The Gotham star, Sean Pertwee on being Batman’s butler, football, following in his father’s footsteps and his love of London.
Q: How did you get started?
A: My family has been involved in the acting industry for about 300 years. I knew it was a different profession and was fun. I didn’t tell my father that I was going to be an actor or that I was auditioning. I was terrified of being accused of nepotism. He did exactly the same with his father, Roland Pertwee, an eminent playwright, actor and screenwriter. My Dad, Jon Pertwee, was one of the early Dr Who’s. I started at 16 and was still cutting my teeth at 17 in the Bristol Old Vic. It was a wonderful drama school, where we had access to one of the most beautiful theatres.
Q: If you were stranded on a desert island, what three things would you take with you?
A: I would take my wife and my son. I think I’d take a firelighter, striker and a knife, too. That would be fine – I would go native.
Q: What do you like about London?
A: It’s the greatest city. I like the diversity and the food. I am a Londoner and I’ve always been a Londoner. I love this city more than any other. New York comes second as a great city, but there is something about London, the diversity, the society and the culture. You can go from one side of the capital to the other and it’s completely different. It’s just bizarre and I enjoy that. I love football – I’m a Chelsea supporter and like being back home. It’s also an incredibly beautiful city. Nearly every road you walk along in central London has trees, it’s amazing. We’re lucky enough to live in Marylebone, which is pretty perfect. It’s beautiful. I’m a proud Londoner.
Q: What attracted you to Gotham?
A: My earliest TV memory is watching Batman with my father when he came home from the theatre. It’s great being a part of Batman’s early years now and playing his butler. We’re really starting to see Bruce Wayne grow up and Alfred is becoming his mentor and friend. It is interesting to see how the characters’ develop.
Q: What new projects are you working on at the moment?
A: Aside from shooting Gotham series 3, which starts filming in a month’s time, I’m about to start work on a documentary series. I can’t say what it is about yet, but it’s something that I am interested in. I’ve written one episode from a book called The Bureau of the Lost Souls, written by one of my friends, Christopher Fowler. It’s similar to Tales of the Unexpected with short stories about the underbelly of London. Ed Allen, Dave Allen’s son and myself wrote one episode and I would like to get it started. There would only be two or three central characters. It’s a small chunk of time and most actors would be able to do it. As the likes of Shatner did with the Twilight Zone back in the Sixties and Fifties, which I thought was fantastic, having Steve McQueen and all the big stars. We could get some great names involved.
Q: What is your dream role? And if you could act with anyone, who would it be?
A: I was very impressed when I met Sean Penn. He is an extraordinary actor as well as an exceptionally talented director. I’d be fascinated to work with him. Dream role? Gosh who wouldn’t want to be James Bond, but I fear I’m a little old for that caper. And I don’t know about me in speedo’s any more [he laughs].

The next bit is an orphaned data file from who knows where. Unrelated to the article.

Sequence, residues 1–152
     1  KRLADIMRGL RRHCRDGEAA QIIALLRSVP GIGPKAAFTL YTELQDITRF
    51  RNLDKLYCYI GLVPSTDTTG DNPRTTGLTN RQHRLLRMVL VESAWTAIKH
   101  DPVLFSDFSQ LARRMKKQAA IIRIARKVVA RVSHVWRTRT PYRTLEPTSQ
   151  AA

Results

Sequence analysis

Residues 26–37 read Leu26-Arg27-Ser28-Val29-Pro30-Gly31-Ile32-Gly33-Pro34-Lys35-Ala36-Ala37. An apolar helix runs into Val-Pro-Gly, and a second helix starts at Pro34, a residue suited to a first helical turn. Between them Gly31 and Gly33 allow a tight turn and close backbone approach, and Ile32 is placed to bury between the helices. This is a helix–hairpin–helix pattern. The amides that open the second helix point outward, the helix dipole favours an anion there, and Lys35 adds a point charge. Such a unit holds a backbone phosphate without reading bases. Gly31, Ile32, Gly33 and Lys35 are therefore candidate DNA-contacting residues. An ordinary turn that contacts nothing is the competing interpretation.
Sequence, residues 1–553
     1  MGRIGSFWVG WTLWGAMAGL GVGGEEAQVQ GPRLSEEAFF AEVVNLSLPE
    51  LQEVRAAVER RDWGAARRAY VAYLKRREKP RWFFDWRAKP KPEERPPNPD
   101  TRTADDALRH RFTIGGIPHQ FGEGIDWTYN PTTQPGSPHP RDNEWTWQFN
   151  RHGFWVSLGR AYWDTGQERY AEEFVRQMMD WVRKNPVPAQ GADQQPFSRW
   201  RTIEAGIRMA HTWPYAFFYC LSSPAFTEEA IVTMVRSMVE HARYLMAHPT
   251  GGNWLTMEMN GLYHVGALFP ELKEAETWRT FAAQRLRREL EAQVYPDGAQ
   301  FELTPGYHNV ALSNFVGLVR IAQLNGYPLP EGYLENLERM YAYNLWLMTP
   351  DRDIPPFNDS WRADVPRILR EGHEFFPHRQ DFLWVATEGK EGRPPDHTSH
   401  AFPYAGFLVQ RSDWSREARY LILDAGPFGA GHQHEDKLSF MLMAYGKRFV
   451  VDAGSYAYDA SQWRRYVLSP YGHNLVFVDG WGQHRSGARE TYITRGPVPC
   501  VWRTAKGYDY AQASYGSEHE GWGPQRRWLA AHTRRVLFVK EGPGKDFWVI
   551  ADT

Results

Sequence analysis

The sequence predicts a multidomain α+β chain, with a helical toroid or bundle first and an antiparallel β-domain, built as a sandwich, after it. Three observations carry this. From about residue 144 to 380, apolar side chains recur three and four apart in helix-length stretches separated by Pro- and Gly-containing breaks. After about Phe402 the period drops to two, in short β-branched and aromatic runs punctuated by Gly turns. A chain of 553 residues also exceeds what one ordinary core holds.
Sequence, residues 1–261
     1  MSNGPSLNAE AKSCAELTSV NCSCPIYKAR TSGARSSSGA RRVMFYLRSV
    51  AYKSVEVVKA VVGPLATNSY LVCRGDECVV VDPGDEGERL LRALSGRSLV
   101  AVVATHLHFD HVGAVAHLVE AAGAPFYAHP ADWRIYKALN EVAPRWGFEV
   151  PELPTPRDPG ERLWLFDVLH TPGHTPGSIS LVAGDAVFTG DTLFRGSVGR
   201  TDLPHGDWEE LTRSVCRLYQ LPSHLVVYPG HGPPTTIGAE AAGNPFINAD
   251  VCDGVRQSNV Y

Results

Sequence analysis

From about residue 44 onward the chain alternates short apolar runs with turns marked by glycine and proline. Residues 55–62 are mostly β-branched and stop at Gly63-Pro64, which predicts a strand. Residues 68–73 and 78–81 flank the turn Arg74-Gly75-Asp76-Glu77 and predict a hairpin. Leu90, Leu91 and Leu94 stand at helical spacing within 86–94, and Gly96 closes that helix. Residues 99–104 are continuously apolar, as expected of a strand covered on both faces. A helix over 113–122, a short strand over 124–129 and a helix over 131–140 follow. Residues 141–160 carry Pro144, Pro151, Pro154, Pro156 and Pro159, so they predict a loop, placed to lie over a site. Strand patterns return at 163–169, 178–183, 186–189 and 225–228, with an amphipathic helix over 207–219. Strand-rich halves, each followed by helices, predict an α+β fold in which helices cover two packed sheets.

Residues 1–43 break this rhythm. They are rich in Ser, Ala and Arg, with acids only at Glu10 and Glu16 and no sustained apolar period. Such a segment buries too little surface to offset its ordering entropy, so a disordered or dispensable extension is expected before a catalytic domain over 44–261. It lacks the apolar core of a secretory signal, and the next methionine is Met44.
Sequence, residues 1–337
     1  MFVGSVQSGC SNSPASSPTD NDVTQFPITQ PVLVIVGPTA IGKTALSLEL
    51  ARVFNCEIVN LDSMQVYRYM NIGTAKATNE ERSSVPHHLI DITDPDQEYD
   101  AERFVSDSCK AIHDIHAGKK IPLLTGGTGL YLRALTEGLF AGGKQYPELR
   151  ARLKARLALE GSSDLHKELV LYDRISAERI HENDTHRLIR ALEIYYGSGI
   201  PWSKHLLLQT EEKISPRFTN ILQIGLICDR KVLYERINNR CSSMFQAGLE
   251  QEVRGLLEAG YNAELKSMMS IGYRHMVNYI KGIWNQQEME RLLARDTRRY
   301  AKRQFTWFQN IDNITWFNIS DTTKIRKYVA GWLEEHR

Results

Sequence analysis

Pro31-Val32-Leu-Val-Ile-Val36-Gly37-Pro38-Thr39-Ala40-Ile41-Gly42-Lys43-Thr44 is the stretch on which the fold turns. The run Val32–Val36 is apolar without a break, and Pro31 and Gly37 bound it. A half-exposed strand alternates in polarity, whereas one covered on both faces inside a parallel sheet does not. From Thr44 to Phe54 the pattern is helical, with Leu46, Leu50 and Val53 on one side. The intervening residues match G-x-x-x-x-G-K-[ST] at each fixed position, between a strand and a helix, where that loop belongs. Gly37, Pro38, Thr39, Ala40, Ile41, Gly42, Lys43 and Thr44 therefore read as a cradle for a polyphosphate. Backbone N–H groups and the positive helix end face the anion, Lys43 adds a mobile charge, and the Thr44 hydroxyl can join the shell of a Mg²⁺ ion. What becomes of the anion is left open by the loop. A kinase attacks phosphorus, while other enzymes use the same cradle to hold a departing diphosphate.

I’ll tell you what I would like to do one day, and it could never be superseded, it’s just a fantasy. I would like to play Titus Andronicus, because my friend Brian Cox played it when I was a very young actor. It is one of the most complex, extraordinary stories, so popular at the time with revenge and tragedy. It’s just a fantasy, I think I would be terrified, because it’s a three-hour piece. But it would be fantastic to work with Wes Anderson being the director.
Q: Have you had any home disasters over the years?
A: I haven’t really had any home disasters, but Jackie [my wife] left the bath running once. It filled a glass globe lamp in the kitchen, where she was literally holding it up until the firemen arrived. It was just like a giant goldfish bowl.
Q: Do you have any favourite architects or designers?
A: Frank Lloyd Wright (www.franklloydwright.org) and Saint Laurent (www.ysl.com/corporate/saint-laurent-paris/antholog).
Q: Describe your perfect home?
A: I’m about to embark on one I hope. We’re going to buy a property in the US. It has a swimming pool and a full-outside kitchen, including a Big Green Egg (www.biggreenegg.co.uk) which they use in many restaurants these days. It’s similar to a ceramic barbecue that reaches an optimum heat. We’d have a smoker, a pizza oven, a fully stocked bar with twinkly lights. Jackie and I have decided, we’re going to get old together, and have a porch with a couple of rocking chairs. We’ll sit there with blankets on our knees with a glass of red wine, then put the teenagers in the outhouse! We’re looking at upstate New York. We’d send our son to High School and University in New York or Connecticut. We’d have a little place in Manhattan, but then the dream home would be a white clapboard house in Connecticut, near the water.
Q: What advice would you give to anyone who wants to get into acting?
A: I wish them the best of luck. The first thing you have to do is “girdle your loins” and prepare for rejection. Most people with their career choices, get fired four of five times in their lives. We get rejected constantly, the hardest thing to realise is that you are what you are, and you have what you have. Of course you can learn aspects of it, but treat every meeting, every audition as a learning curve. Get used to rejection, because it happens constantly and it will do for the rest of your life. It really hurts, but you just have to learn from it. And learn your lines for every audition. That’s something many English actors never did, but they do now, because work is so hard to come by. Treat every audition as a mini-film.